It's a medical malpractice trial.
You suffered terrible injury.
You believe your doctor was careless.
You believe your doctor violated the basic standards of medical care.
You believe you are more likely right than wrong that what you are claiming is true.
You have experts to support your claim.
You have eyewitnesses to support your valid claim.
Your trial goes on for weeks.
You are sitting and observing your trial every single day.
One of your close friends is called to testify on your behalf.
Your attorney is asking him questions about what he observed and things you can and cannot do.
He is a good fact witness.
He's testifying about your injuries and your damages.
He has personal knowledge of the problems and disabilities you are experiencing.
He makes you proud.
When your attorney finishes questioning him, the defense lawyer gets up to cross-examine him.
One of the key issues in this witness's testimony is information he learned from another friend and one of your treating doctors.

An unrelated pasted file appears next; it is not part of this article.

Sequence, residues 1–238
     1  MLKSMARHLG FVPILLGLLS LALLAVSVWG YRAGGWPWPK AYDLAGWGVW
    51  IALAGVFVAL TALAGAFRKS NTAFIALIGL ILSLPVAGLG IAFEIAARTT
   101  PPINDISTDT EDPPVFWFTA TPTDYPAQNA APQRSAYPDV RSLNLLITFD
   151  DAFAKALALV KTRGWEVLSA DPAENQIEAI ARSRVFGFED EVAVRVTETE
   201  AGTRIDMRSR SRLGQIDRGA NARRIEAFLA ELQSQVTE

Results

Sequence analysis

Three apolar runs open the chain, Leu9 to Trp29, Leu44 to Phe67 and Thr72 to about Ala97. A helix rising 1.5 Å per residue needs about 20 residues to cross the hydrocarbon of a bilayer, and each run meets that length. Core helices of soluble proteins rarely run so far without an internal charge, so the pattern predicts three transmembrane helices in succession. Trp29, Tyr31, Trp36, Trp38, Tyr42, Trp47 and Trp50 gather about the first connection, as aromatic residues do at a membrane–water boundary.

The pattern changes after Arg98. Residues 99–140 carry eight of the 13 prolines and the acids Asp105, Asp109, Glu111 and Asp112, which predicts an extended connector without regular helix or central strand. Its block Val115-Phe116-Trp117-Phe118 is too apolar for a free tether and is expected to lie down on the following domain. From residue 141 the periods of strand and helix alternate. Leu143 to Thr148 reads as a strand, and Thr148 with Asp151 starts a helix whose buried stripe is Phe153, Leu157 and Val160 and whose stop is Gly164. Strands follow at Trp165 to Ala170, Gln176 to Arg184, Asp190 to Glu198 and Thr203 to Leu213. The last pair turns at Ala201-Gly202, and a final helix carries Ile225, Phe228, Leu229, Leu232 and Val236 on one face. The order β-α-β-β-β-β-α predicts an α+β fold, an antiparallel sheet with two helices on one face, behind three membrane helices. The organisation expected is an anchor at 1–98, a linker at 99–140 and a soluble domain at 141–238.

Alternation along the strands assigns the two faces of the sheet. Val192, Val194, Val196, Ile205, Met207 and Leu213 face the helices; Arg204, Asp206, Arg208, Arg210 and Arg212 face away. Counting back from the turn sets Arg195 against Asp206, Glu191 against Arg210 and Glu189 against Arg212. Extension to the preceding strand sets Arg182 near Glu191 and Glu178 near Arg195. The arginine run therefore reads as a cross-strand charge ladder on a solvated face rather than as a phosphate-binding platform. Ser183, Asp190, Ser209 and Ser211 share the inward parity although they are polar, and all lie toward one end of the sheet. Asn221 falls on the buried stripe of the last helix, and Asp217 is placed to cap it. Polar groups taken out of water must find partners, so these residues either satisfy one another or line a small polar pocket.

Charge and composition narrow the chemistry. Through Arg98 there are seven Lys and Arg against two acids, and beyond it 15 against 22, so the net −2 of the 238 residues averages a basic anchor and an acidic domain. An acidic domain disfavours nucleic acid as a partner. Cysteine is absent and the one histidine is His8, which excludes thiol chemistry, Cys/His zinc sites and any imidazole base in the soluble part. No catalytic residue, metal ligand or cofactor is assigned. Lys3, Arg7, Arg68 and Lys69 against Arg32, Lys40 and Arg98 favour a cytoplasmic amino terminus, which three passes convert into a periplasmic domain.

Your friend has told the jury that your injuries are permanent.
He has told them that you will have difficulty doing specific daily activities on a day-to-day basis.
He learned this information by talking to a friend of yours as well as a doctor whom he also knows.
The defense lawyer makes it abundantly clear that his original testimony did not come entirely from his own personal observations.
The conclusions that your friend made about your permanent injury came not from his own personal observation, but rather from talking with a doctor friend of his.
During the course of heated cross-examination, your friend, while still on the witness stand, attempts to tell the jury what this doctor told him.
The defense lawyer immediately yells out “Objection, that's hearsay!”
The judge quickly agrees and tells your friend on the witness stand that he cannot talk about a conversation he had with someone who is not in court.
This is important when neither side is planning to call that friend or that doctor to testify.